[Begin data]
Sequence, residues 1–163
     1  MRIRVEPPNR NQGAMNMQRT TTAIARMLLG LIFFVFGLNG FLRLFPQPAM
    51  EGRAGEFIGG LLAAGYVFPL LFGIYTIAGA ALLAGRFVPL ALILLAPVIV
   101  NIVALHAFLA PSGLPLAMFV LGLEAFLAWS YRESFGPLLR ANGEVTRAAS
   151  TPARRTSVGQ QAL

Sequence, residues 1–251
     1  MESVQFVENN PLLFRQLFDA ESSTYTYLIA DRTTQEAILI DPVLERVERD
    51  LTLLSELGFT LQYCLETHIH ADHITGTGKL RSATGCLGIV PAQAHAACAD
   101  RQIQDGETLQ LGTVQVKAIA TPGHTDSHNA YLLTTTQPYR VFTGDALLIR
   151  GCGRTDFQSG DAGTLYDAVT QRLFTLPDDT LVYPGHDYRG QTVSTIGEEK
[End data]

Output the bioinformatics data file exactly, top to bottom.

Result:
Sequence, residues 1–163
     1  MRIRVEPPNR NQGAMNMQRT TTAIARMLLG LIFFVFGLNG FLRLFPQPAM
    51  EGRAGEFIGG LLAAGYVFPL LFGIYTIAGA ALLAGRFVPL ALILLAPVIV
   101  NIVALHAFLA PSGLPLAMFV LGLEAFLAWS YRESFGPLLR ANGEVTRAAS
   151  TPARRTSVGQ QAL

Sequence, residues 1–251
     1  MESVQFVENN PLLFRQLFDA ESSTYTYLIA DRTTQEAILI DPVLERVERD
    51  LTLLSELGFT LQYCLETHIH ADHITGTGKL RSATGCLGIV PAQAHAACAD
   101  RQIQDGETLQ LGTVQVKAIA TPGHTDSHNA YLLTTTQPYR VFTGDALLIR
   151  GCGRTDFQSG DAGTLYDAVT QRLFTLPDDT LVYPGHDYRG QTVSTIGEEK